Hate Sells category archive
Sam and his crew discuss a recent CNN interview with a woman who fell down the QAnon rabbit hole. I submit that the significant element of her story is that she did not seek out the claptrap; rather, “social” media served it up to her, because eyeballs.
Michael Judge argues that Donald Trump’s baseless claims that the recent election was stolen from him have provided a playbook for autocrats abroad. A snippet:
Exhibit A is Burma, also known as Myanmar, where, after months of claiming their party’s massive losses in Nov. 8 parliamentary elections were due to “widescale fraud,” military leaders carried out a coup this week, arresting civilian leader Aung San Suu Kyi and members of her National League for Democracy party, and handing power over to army chief Gen. Min Aung Hlaing.
I find Judge’s condescension towards the name of Myanmar problematical.
Myanmar has been Myanmar (in its native language, Mranma Prañ) for almost a thousand years. The name, “Burma,” was a legacy of British colonialism discarded three decades ago.
At Psychology Today Blogs, H. Colleen Sinclair examines the tactics that demagogues (and would-be demogogues) use to persuade their followers to hate and to follow the hate with hate-full actions, such as, say, just to pick an exammple, overrunning a national legislative hall. She idendifies three elements:
- Firing Up Emotions
- Constructing the Threat
- Disengaging (the) Moral Compass
Follow the link for an examination of each one.
Tim Steller takes issue with the concept that somehow some Americans are more American than others. A nugget; follow the link for the rest.
Now, with President Joe Biden and Vice President Kamala Harris taking office, it’s the Trump supporters’ turn to accept that there is another “real America” out there. Avid Trumpists want to portray Biden supporters as radicals or globalists or elitists, but come on — there aren’t 81 million Americans fitting all of those categories put together.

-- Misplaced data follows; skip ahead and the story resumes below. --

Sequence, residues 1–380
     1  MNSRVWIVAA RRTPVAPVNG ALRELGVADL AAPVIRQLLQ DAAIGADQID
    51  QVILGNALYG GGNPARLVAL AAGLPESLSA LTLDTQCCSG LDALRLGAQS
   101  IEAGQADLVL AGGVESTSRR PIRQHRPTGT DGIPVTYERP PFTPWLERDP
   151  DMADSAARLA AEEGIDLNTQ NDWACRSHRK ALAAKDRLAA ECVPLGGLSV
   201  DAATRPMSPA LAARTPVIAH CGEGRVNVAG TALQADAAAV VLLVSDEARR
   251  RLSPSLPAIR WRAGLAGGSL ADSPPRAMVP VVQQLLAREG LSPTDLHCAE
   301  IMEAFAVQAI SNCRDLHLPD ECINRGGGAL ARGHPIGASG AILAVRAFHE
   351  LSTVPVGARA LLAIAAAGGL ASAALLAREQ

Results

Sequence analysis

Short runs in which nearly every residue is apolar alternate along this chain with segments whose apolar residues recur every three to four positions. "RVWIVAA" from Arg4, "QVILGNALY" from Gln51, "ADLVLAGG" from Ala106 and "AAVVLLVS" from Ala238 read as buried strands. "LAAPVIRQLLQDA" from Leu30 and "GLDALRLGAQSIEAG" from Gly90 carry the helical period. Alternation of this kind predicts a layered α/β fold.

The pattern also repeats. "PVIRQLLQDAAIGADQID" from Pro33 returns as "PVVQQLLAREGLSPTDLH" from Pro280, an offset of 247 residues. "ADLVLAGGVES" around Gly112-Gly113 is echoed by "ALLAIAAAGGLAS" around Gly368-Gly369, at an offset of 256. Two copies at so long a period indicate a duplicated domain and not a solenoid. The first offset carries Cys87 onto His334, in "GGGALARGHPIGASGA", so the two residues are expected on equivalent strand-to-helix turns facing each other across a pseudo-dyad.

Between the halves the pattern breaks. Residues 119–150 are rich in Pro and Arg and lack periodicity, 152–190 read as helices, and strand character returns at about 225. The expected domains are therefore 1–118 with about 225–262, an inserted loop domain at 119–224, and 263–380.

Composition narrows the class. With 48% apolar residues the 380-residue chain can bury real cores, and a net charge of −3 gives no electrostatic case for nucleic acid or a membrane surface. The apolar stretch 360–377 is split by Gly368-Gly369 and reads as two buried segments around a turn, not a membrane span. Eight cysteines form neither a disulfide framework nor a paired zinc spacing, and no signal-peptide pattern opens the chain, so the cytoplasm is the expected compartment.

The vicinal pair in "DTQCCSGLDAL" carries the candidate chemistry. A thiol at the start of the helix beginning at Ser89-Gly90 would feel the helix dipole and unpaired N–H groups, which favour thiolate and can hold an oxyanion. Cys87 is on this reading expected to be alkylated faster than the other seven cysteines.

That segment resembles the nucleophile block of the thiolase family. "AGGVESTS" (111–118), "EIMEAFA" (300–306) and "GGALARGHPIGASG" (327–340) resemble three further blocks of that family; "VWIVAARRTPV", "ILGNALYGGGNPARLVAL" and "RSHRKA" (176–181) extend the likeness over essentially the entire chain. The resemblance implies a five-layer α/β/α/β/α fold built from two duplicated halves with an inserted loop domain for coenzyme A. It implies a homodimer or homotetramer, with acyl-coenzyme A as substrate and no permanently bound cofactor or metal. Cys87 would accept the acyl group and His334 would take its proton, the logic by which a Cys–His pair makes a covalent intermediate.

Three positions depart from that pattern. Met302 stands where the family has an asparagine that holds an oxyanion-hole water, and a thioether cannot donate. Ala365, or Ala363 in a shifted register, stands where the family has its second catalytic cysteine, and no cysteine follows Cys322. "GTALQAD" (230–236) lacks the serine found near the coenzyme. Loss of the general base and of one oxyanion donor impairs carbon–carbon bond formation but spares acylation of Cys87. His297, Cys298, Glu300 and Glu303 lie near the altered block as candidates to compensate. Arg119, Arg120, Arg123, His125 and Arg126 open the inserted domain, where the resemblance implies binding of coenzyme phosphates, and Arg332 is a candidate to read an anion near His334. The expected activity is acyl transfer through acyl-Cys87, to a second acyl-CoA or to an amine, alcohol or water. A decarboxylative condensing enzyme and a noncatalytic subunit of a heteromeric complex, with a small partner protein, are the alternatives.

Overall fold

They are also real, everyday Americans from real America.
Watch closely, and you will see that, when some politician or pundit starts avowing his fealty to “real Americans,” it precedes divisiveness and bile.
It is worthy of note that the two greatest threats to have faced this country have come, not from external enemies, but from homegrown bigotry, greed, and hate.
At Psychology Today Blogs, Charles Johnston looks at the dynamic–and the dilemma–posed by “social” media and the disinformation superhighway. A snippet; follow the link for the rest:
By offering electronic substitutes for real fulfillment, our likes and clicks mimic the mechanisms of addiction (addictive substances work by providing the feedback that accompanies feelings like pleasure or power while requiring none of the vulnerability demanded for the real thing). It has been a dirty secret of high teach companies that they were optimizing programs for these addictions effects, but we would see the effect even without their efforts. Simple optimization depends on hijacking our attention—an necessity that is multiplied many times over by the fact that sites are advertising driven. Addiction is a much more reliable way to get attention than providing content that actually benefits us. A related consequence is that social media algorithms inherently create distortion and “fake news.” It has been well documented that the soap opera of sensationalized contend (sic) (and outright lies) is much more likely to attract eyeballs—and more likely to trigger search algorithms—than real news.